Tag Archives: Assisted Suicide

My conversation with a man whose wife died by assisted suicide

The other day I met a man whose wife had died by assisted suicide earlier this year. We sat beside each other on an airplane and struck up conversation, as people do. We discovered we were both writers of a sort, and that was our starting point.

I don’t really remember how it came up, but I must have asked him about his wife. He was an elderly man and something he said made me think he was widowed fairly recently. Then he told me this really enormous thing: that his wife had fought cancer for years and had entered a new, final phase of not winning the fight anymore and so she had chosen assisted suicide about four months ago, with his support.

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This seemed like a huge disclosure, a big, sad, tragic thing to share. I don’t know if the ease of his disclosure is a statement about how writers tend to go deep quickly with each other, or maybe it’s more a statement about the potential “ordinariness” of what we are now doing in Canada, by having assisted suicide.

Or, maybe, he was just sad and it was recent and so he blurted it out to a stranger. Then, almost right after he told me, this kind, quiet man asked me what kind of writing I do.

So, I told him I wrote mostly about faith things, and religious things, and that my husband is a minister. I’m not sure why I added that bit about my husband, but I think I said it because I wanted to assure him that I understood grief, and he was clearly grieving.
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Why I rushed home and finally called my Member of Parliament

by Karen Stiller

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Contact your MP now. That was the advice given in the latest EFC webinar “Worse than we thought: physician-assisted suicide”

Today, I rushed home from work and called my Member of Parliament. It wasn’t nearly as difficult or stressful as I feared. To be honest, I don’t even know why I thought it would be. What was I so worried about?

Sometimes I host EFC webinars, and the most recent was on euthanasia and physician-assisted death in Canada. Specifically the recommendations made by the Joint Parliamentary Committee assigned by the government to study the issue and make recommendations around the new law we will have in Canada.

The most floppy of recommendations, as it turns out. If the door to physican-assisted suicide was open a crack in Canada before, the recommendations of the committee would rip the door off its hinges and leave a gaping hole in its place.
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EFC Webinar Tackles Huge Issue

Last week, Bruce Clemenger, president of The Evangelical Fellowship of Canada (EFC), sat down with Karen Stiller, a senior editor of Faith Today, to talk about euthanasia.Needle photo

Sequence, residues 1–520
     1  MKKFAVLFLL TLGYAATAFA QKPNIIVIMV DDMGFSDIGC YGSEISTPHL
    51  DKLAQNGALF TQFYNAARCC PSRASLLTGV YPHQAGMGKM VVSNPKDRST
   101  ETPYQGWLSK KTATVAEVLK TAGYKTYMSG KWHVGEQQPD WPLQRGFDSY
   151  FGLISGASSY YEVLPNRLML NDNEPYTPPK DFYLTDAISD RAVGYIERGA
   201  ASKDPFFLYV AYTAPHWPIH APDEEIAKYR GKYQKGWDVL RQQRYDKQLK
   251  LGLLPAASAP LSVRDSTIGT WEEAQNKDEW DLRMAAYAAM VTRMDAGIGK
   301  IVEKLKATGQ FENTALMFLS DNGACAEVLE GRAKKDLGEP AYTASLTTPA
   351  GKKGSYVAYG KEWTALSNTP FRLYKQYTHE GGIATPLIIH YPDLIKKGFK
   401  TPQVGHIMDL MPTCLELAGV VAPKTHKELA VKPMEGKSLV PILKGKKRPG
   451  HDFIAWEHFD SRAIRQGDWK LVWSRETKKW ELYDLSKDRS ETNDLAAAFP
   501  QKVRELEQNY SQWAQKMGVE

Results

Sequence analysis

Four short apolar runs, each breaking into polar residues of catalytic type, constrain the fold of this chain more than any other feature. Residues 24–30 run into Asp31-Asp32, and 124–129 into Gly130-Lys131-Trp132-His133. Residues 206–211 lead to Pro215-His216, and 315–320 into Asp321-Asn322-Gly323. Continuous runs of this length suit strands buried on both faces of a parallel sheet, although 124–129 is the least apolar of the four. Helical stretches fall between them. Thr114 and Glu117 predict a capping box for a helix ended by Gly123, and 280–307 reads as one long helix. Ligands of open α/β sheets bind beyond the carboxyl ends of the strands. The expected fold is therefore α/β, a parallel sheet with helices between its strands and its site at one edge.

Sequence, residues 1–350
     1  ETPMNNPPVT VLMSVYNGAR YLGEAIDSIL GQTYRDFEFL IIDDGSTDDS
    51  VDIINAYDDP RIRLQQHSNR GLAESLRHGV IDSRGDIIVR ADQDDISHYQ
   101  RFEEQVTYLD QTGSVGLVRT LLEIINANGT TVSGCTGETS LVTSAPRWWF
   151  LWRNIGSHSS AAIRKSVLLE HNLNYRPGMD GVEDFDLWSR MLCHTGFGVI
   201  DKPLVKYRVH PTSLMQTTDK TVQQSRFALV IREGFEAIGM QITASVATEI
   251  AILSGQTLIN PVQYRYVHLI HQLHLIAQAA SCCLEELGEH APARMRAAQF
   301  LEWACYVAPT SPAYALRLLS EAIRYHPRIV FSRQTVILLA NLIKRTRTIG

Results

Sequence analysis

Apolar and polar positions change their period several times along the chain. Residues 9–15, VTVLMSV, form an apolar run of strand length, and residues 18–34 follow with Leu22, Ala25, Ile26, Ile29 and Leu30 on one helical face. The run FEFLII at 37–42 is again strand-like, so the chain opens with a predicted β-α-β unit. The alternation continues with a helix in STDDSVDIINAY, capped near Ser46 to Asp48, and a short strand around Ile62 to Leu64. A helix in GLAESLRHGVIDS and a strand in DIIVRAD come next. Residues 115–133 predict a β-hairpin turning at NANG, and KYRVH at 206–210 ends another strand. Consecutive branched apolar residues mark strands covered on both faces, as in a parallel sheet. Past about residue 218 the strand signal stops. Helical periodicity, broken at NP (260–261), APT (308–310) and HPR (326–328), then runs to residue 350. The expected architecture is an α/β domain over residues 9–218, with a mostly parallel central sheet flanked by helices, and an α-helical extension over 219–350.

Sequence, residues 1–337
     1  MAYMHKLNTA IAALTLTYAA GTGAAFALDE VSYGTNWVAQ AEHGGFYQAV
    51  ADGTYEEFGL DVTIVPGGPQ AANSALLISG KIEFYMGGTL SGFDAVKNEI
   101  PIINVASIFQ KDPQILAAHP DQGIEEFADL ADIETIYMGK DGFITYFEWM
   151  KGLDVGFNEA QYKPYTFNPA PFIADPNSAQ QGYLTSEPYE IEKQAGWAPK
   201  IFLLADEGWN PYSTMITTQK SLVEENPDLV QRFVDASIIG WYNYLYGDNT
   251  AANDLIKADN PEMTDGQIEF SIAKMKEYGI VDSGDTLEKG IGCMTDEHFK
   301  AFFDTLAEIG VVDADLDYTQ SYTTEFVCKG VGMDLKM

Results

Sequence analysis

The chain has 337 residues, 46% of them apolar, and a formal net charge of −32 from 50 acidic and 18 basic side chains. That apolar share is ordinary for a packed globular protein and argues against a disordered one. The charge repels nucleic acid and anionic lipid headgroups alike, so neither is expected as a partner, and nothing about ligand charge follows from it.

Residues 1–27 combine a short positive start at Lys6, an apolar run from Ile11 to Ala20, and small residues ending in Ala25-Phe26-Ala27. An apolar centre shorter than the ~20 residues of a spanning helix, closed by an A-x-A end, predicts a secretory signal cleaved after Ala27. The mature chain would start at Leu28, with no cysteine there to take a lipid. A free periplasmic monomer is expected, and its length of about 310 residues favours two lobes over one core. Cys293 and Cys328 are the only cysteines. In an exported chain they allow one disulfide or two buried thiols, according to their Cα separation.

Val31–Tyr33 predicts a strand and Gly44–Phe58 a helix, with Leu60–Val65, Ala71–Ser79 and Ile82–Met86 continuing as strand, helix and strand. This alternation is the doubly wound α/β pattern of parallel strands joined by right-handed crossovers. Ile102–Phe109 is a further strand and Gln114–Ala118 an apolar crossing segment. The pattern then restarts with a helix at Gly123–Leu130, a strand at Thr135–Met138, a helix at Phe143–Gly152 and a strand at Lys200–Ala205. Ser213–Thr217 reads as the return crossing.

We had an invisible audience, those who had signed up and listened in on the EFC’s first foray into the world of webinars.

We had been talking about webinars for a while — thinking they would be an effective way to both offer and receive wisdom, insight and action points on some of the crucial issues facing Canada today.

The issue of euthanasia and assisted suicide was the final push for us to complete a crash course on webinars, sit down in front of two microphones and our laptops (being careful not to spill our giant glasses of water of course) and have a conversation  we thought was important.

Just over two months ago, the Supreme Court of Canada  in a unanimous ruling, struck down Canada’s laws surrounding euthanasia and assisted suicide. The Court ruled that the law that made it illegal for anyone to help people end their own lives should be amended to allow doctors to help in specific situations.

The court has given federal and provincial governments 12 months to craft legislation to respond to that ruling. If the government doesn’t write a new law, the court’s exemption for physicians will become the new status-quo in Canada.

Euthanasia and sanctity of life issues are some of the most pressing challenges facing Canadians and parliamentarians today.

The EFC  has long been a voice for the sanctity of life, and a voice against euthanasia and assisted suicide in Canada. And Faith Today is a magazine where we try to translate some of these issues into features and news pieces that serve and inform our readers along the way. The webinar brought those worlds together. It is posted now for anyone to listen to. We will have more coming down the pipe.

Listen here.

Watch for the May/June issue of Faith Today as we explore the ethics of euthanasia and Canada’s “seismic shift” with ethicist and columnist Margaret Somerville. Subscribe today!